Missouri to vote on 'right to pray'

2012-05-24 12:58

Kansas City - Voters in the US state of Missouri will decide on 7 August whether to approve a constitutional amendment guaranteeing the right to pray in public places.

Governor Jay Nixon signed a proclamation on Wednesday setting the election on the amendment, which Missouri legislators voted overwhelmingly last year to put on the ballot in 2012.

Had Nixon not signed the proclamation, the amendment would have automatically appeared on the 6 November general election ballot. A spokesperson for Nixon declined to say whether his signing of the proclamation meant the governor supported the measure.

While the US Constitution protects the right to pray in public places, supporters of the Missouri ballot issue want to clarify those rights.

In House committee testimony last year, they said there is increasing ignorance about religious expression. Opponents testified that the amendment adds nothing to existing law and may invite litigation.

Under the amendment, public prayer would be allowed as long as it did not disturb the peace or disrupt a public assembly.

The amendment reaffirms that students can pray privately in public school, but it would not allow the schools to hold class prayers.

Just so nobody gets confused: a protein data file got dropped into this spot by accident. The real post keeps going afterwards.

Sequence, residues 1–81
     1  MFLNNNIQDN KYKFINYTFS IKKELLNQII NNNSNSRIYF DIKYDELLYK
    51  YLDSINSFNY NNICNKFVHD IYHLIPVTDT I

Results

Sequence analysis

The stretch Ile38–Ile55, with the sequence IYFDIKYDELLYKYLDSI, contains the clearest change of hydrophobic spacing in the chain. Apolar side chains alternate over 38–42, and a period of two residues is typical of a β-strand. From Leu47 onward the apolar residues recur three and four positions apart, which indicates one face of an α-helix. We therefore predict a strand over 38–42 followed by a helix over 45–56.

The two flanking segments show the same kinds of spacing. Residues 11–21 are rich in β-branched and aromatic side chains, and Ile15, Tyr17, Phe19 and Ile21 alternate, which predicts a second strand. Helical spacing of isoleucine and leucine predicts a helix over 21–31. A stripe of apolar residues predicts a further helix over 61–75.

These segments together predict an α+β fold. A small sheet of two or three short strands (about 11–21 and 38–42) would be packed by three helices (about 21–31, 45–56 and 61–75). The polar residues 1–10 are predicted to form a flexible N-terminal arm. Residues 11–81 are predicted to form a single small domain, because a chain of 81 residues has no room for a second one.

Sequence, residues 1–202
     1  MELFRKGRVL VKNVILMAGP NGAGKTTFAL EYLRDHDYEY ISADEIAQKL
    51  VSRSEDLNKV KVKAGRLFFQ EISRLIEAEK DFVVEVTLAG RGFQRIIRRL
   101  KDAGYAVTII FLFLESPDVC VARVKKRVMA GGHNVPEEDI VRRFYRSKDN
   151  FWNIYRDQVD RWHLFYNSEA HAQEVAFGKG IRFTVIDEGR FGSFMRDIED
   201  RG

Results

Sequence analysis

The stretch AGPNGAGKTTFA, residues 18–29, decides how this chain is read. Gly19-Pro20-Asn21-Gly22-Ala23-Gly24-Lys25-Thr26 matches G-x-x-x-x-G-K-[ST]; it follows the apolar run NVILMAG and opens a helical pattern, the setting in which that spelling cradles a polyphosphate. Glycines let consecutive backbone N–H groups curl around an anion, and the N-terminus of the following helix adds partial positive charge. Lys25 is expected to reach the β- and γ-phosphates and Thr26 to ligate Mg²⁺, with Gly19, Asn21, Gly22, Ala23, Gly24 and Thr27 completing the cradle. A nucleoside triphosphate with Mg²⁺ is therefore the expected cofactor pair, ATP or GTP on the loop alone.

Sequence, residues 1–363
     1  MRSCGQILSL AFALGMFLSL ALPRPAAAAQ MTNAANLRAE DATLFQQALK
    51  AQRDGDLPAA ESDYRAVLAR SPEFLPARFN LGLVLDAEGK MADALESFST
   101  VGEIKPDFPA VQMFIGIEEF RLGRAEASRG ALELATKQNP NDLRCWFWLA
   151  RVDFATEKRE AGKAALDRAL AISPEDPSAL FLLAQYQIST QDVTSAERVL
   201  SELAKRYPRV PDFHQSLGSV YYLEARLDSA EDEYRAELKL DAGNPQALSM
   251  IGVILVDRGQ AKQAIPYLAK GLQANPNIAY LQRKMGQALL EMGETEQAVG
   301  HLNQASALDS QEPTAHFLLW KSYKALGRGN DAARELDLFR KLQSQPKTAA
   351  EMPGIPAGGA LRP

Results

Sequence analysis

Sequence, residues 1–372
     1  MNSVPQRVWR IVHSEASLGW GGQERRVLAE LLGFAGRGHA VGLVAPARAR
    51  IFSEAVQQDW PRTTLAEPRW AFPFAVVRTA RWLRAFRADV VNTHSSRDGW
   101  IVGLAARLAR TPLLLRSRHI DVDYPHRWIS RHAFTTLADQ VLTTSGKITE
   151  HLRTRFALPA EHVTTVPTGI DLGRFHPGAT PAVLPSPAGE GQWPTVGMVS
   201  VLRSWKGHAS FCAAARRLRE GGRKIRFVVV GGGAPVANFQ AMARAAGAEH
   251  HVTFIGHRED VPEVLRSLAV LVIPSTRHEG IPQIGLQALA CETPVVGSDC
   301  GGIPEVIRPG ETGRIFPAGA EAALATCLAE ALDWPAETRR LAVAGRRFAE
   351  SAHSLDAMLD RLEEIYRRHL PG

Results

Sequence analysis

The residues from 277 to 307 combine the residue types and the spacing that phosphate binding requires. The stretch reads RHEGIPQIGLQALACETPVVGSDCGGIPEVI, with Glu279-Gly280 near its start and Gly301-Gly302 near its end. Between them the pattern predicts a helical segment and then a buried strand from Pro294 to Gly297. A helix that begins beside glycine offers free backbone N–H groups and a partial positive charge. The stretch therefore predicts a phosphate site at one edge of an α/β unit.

The US Supreme Court ruled in 1962 that school-initiated prayer amounted to establishing religion in public schools in violation of the Constitution.

Under the Missouri amendment, students could not "be compelled to perform or participate in any education assignments or presentations" that violate their religious beliefs.

The prayer amendment passed 126-30 in the Missouri House and 34-0 in the Senate. Both chambers are controlled by Republicans. Nixon is a Democrat and former attorney general.

  • ludlowdj - 2012-05-24 13:42

    The US is of course the devil's playground and has been since the 1940's, a look at their legal system and laws confirms that Orson Wells didn't even scratch the surface of the reality with his book, and few could at that time even dream of the loss of civil liberties that would occur or the apathy of the population at the loss of their rights.

      CharlesDumbwin - 2012-05-24 13:50

      The US banned God from highschools and then they cry when they have so many highschool shootings. Throw God out and live with the consequences.

  • Gavin - 2012-05-24 13:56

    wow, they actually have to vote on something like this - what a f'ed up country.

      ludlowdj - 2012-05-24 14:58

      and they tell us the are a free country in which individuals have rights.....yea right

  • Fredster - 2012-05-24 14:07

    ...and yet they have the words: I God we trust, on all the currencies

      CharlesDumbwin - 2012-05-24 14:34

      knowing the USA, it's which god I'm worried about

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